With citizens ‘empowered’ to report and disseminate information (Bosch, 2017), what has deterred activists in other regions of the world from repeating the ‘successes’ recorded in the Middle East? Better still, how closely related has journalism become to activism in the aftermath of the mass protests? Ten years on, with citizen media equally flourishing across the ‘developing’ world, questions are being asked not only about the ability of technologypowered media instruments to provoke social and political revolutions but also how social media, which in 2000 was praised as a democratizing platform in the Middle East, has not helped remove tyranny in many parts of the world. Limited or no access to web and mobile platforms has also stalled potential transition to the much hyped technological evolution in the poorer regions of the world leaving many struggling to understand the real essence and potential of digital technologies.
Seeking empirical accounts that examine the democratising potential of digital journalism within non-Western societies, this special edition seeks to reconceptialise digital journalism and digital activism 10 years after the ‘Arab Spring’ in order to examine how it facilitated changes, if any, in both fields. What is its legacy insofar as activists and journalists are concerned? We also seek to interrogate the impediments and restrictions on journalism as an agent of change questioning whether and in what ways the ‘Arab Spring’ advanced political and social openness in the aforementioned regions. For this thematic issue, all submissions investigating the changing relationship between digital activism and journalism are welcome, including those not particularly making reference to the Arab Spring. These include but not limited to papers addressing questions such as:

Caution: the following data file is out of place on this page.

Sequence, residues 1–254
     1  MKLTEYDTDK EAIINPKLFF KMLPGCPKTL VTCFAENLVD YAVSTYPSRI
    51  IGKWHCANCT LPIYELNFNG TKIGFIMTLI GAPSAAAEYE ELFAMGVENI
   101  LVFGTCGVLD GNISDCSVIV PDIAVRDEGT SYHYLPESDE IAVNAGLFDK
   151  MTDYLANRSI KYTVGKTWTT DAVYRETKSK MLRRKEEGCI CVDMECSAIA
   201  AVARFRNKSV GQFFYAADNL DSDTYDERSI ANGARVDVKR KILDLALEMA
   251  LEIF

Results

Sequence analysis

Information about submission
Proposals should include the following: an abstract of 500-750 words (not including references) as well as background information on the author(s), including an abbreviated bio that describes previous and current research that relates to the special issue theme.
Please submit your proposal as one file (PDF) with your names clearly stated in the file name and the first page. Send your proposal to the e-mail address email@example.com and firstname.lastname@example.org by the date stated in timeline below.